Its herbal tea time with lemon grass
Although quiches may sound a little old fashioned, you have to admit, their charming aesthetic makes them really hard to resist! Quiches are extremely versatile; a quiche is a savoury open tart, or open pie, with a flaky pastry crust filled with a base custard mixture of eggs, cream, and cheese. Popular quiche recipes include bacon and leaks, such as the Quiche Lorraine. As a vegan you don’t have to miss out on quiches at all. Now more than ever, there are loads of recipes that omit chicken eggs completely, creating the same ‘egg’ custard-y texture of traditional quiches. It really isn’t hard at all!
The actual preparation, cooking of the filling and making of the crust are actually pretty easy. What might seem off putting to some are the long baking times. Traditional quiches need to bake in the oven for up to 45 minutes (depending the the size of the pie pans) and, in some cases, there’s also the pre-baking or ‘blind’ baking of the crust. Other than that, it’s just a matter of mixing up a couple of ingredients.
Quiche is the type of dish that can be enjoyed at any time of day. Grab a slice for breakfast, accompanied with your favourite fruits, have a slice for lunch with a hearty salad, or have a leftover slice for dinner with a nice bowl of soup. Because quiches sometimes taste better the next day, it’s a great dish to make in advance, especially if you’re making it in preparation for a special occasion or a picnic, as you don’t need to worry about heating it up because you can just serve it cold.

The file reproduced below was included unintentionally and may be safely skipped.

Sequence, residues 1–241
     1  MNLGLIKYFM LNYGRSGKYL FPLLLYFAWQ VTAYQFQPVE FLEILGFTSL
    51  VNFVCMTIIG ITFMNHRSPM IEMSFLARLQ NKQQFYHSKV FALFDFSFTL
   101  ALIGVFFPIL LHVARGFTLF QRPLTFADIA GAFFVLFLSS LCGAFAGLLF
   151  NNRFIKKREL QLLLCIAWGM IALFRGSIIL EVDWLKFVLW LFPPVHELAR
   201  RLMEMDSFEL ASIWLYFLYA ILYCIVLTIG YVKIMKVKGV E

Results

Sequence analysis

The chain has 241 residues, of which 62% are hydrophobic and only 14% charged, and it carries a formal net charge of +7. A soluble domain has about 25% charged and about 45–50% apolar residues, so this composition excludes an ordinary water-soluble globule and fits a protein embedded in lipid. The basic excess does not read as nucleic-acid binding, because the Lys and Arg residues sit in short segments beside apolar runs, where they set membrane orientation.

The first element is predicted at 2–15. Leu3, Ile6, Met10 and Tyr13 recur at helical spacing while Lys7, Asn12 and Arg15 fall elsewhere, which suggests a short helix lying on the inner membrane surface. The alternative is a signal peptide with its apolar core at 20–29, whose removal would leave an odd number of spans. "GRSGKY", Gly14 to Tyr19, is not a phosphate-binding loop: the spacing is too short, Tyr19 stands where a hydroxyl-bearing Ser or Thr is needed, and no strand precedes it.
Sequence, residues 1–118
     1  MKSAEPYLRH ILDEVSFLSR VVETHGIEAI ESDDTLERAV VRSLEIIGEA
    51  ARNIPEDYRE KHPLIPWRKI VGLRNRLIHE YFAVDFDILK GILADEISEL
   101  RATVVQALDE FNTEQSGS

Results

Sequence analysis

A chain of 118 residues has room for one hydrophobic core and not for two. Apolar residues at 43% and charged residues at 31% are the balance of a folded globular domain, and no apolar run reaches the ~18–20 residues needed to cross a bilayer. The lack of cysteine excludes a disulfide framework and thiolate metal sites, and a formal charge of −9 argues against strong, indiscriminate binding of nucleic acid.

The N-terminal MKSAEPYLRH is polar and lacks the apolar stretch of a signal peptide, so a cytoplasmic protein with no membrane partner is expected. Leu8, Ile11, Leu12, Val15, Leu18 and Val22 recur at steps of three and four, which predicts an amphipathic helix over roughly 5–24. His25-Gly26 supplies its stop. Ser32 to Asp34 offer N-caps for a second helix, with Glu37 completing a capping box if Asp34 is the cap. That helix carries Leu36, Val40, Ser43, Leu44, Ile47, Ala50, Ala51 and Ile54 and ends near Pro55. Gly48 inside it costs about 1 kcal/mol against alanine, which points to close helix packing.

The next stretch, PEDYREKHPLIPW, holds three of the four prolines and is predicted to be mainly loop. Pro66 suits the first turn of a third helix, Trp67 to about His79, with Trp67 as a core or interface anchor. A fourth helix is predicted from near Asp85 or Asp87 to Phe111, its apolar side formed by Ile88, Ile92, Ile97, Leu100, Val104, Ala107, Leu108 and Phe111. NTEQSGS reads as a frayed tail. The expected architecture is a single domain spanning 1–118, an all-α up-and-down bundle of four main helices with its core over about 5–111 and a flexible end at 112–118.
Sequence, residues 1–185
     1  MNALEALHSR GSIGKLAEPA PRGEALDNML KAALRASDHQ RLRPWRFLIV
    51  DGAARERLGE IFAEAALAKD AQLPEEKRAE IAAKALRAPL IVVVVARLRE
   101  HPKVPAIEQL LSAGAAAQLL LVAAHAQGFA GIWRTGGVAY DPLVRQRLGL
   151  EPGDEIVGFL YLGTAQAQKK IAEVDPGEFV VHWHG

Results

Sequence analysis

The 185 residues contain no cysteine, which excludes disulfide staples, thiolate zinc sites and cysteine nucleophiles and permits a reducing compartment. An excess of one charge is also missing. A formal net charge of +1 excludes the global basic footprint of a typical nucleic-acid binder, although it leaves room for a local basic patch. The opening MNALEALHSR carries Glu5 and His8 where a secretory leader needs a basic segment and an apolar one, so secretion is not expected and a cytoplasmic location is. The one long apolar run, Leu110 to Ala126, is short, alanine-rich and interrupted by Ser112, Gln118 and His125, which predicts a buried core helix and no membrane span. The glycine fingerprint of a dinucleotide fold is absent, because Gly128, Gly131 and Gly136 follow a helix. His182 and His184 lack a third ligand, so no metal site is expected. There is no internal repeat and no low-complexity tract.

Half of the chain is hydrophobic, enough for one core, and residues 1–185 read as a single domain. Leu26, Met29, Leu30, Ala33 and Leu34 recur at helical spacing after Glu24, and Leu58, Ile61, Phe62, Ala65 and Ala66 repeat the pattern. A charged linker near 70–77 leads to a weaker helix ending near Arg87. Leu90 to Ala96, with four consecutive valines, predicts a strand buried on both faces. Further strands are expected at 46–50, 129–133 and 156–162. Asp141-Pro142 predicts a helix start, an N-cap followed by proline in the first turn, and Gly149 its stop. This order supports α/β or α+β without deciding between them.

Although I’ve used the VeganEgg from Follow Your Heart, you can completely omit this from the recipe and tweek the amounts of gram flour and tofu. It even works with using either gram flour alone, mixed with cream, or just silken tofu blended with the cream. They all yield slightly different textures. I chose to use the VeganEgg because of the texture and its binding abilities.
The main ingredient in the VeganEgg powder is Algal flour (a derivative of algae). There are still some misconceptions around consuming algae, but it is often considered incredibly nutritious. Let’s not forget that Spirulina is an algae, and seaweed is considered more of an algae than a plant. Algal flour is an excellent source of fibre with 4g per serving, and zero cholesterol. Algal flour also contains highly digestible amino acids that are absolutely necessary for regulating the appetite, metabolic rate and the ability to have deep sleep.
Click the link below for recipe :
Picture source: https://www.jenreviews.com
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